Land subsidence in Joshimath (Uttarakhand), is a grave reminder of the harm that can be caused by reckless infrastructure development and the role of climate change in exacerbating the situation. Over 60 families living in uninhabitable houses have already been moved to temporary relief centers, with at least 90 more families set to be evacuated. Of the 4,500 buildings in Joshimath, 610 have developed large cracks and are no longer fit for habitation.
The primary cause of the land subsidence in Joshimath is believed to be the National Thermal Power Corporation’s Tapovan Vishnugad Hydro Power Project, though climate change is also a contributing factor. Climate scientist Anjal Prakash, one of the authors of the latest report from the Intergovernmental Panel on Climate Change (IPCC), stated that the project has contributed to the caving incident in Joshimath and highlighted the importance of careful planning in the fragile Himalayan ecosystem. Prakash also emphasized the role of climate change as a force-multiplier, citing the increased frequency of disaster events in Uttarakhand in recent years.
The land subsidence in Joshimath has had a significant impact on the city and its residents. In addition to the forced evacuations, hundreds of houses have developed cracks, rendering them uninhabitable. The situation is expected to worsen, with at least 90 more families set to be evacuated.
- Professor Y P Sundriyal, Head of the Department of Geology at HNB Garhwal University, called for the implementation of strong rules and regulations to prevent future disasters, stating that most parts of Uttarakhand are located in seismic zones IV and V, which are prone to earthquakes, and that climate change is worsening the situation with more extreme weather events.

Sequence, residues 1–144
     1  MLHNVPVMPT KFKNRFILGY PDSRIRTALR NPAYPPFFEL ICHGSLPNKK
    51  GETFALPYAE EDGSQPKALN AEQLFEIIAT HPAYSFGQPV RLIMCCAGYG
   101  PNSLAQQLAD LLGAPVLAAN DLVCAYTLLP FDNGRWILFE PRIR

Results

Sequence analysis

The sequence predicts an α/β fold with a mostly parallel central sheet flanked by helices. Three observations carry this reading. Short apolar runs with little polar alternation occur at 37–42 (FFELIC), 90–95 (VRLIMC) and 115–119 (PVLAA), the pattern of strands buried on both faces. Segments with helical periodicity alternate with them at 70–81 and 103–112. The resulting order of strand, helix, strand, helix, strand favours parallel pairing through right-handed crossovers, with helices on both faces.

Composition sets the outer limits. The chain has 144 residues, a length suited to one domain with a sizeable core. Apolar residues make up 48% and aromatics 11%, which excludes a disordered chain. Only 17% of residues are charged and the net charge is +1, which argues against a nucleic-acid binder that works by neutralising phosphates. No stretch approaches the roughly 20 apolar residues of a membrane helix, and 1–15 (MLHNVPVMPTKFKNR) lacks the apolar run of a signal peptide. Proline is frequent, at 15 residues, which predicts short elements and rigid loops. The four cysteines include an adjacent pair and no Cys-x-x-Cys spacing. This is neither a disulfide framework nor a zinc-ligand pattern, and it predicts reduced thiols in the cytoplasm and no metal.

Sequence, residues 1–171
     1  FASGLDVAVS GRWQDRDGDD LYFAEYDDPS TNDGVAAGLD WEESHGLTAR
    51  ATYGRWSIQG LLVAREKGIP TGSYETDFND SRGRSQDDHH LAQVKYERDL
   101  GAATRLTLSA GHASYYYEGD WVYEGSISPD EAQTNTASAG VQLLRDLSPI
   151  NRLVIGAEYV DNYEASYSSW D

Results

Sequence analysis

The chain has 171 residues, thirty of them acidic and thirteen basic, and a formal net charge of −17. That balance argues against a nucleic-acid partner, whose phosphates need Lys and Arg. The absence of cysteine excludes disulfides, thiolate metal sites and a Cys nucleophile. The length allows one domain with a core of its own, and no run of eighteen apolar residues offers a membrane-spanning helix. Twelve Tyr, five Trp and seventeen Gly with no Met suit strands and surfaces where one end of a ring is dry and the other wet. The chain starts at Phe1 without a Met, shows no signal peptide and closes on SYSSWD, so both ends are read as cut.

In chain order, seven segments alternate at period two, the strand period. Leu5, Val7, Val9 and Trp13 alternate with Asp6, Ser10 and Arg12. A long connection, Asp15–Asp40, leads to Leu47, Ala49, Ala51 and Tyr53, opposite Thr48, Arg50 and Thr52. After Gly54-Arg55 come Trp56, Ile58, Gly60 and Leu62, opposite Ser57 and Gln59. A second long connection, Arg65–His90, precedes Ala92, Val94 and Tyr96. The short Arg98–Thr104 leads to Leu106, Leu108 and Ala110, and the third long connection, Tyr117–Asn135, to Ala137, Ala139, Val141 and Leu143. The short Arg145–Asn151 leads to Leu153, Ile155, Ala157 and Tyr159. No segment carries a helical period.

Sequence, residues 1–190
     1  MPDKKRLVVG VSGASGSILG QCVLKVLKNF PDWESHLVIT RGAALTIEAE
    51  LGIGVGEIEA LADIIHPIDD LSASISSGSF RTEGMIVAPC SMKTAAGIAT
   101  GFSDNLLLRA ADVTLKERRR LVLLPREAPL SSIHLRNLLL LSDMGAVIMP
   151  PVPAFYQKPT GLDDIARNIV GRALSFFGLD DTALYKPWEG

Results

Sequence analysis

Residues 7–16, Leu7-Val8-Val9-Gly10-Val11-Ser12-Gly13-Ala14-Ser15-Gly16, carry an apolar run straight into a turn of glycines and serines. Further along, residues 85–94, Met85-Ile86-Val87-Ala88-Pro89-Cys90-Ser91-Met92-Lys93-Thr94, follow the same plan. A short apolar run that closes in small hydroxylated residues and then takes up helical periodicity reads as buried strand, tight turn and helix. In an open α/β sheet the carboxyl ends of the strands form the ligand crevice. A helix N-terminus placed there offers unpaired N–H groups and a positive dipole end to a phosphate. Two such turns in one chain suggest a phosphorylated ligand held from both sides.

- Given the cost associated with the environmental and ecological damage caused by hydropower projects, Anjal Prakash suggested looking into alternative energy sources as a solution. He emphasized the need for planning at the bio-regional scale, taking into account what is allowed and what is not in order to protect the environment.
The situation in Joshimath is not new, as incidents of land subsidence were also reported in the 1970s. In 1978, a panel led by Garhwal Commissioner Mahesh Chandra Mishra submitted a report stating that major construction works should not be carried out in the city and the Niti and Mana valleys due to their location on moraines. The IPCC’s 2019 and 2022 reports similarly noted the region’s high susceptibility to disasters.
Given the cost associated with the environmental and ecological damage caused by hydropower projects, Prakash suggested looking into alternative energy sources as a solution. He emphasized the need for planning at the bio-regional scale, taking into account what is allowed and what is not in order to protect the environment. The situation in Joshimath serves as a cautionary tale of the consequences of disregarding the fragility of the Himalayan ecosystem and the importance of careful planning and regulation.